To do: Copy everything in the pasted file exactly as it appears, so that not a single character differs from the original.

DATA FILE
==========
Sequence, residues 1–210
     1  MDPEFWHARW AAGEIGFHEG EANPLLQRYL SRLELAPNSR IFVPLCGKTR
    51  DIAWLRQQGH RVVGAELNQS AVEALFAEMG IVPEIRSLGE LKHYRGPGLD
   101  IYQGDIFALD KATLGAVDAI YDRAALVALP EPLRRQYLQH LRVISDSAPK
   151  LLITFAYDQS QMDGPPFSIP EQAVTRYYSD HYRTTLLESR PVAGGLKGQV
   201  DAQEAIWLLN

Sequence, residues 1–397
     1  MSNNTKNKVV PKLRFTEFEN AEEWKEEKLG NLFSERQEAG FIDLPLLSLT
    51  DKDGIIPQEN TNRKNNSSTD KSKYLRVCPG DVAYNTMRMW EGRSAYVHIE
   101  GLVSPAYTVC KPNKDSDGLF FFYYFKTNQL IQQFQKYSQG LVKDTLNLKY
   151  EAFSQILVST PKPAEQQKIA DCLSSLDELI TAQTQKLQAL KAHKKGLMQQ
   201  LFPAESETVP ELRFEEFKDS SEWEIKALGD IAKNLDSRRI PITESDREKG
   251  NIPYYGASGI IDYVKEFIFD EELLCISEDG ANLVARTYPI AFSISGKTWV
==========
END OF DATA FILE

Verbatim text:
Sequence, residues 1–210
     1  MDPEFWHARW AAGEIGFHEG EANPLLQRYL SRLELAPNSR IFVPLCGKTR
    51  DIAWLRQQGH RVVGAELNQS AVEALFAEMG IVPEIRSLGE LKHYRGPGLD
   101  IYQGDIFALD KATLGAVDAI YDRAALVALP EPLRRQYLQH LRVISDSAPK
   151  LLITFAYDQS QMDGPPFSIP EQAVTRYYSD HYRTTLLESR PVAGGLKGQV
   201  DAQEAIWLLN

Sequence, residues 1–397
     1  MSNNTKNKVV PKLRFTEFEN AEEWKEEKLG NLFSERQEAG FIDLPLLSLT
    51  DKDGIIPQEN TNRKNNSSTD KSKYLRVCPG DVAYNTMRMW EGRSAYVHIE
   101  GLVSPAYTVC KPNKDSDGLF FFYYFKTNQL IQQFQKYSQG LVKDTLNLKY
   151  EAFSQILVST PKPAEQQKIA DCLSSLDELI TAQTQKLQAL KAHKKGLMQQ
   201  LFPAESETVP ELRFEEFKDS SEWEIKALGD IAKNLDSRRI PITESDREKG
   251  NIPYYGASGI IDYVKEFIFD EELLCISEDG ANLVARTYPI AFSISGKTWV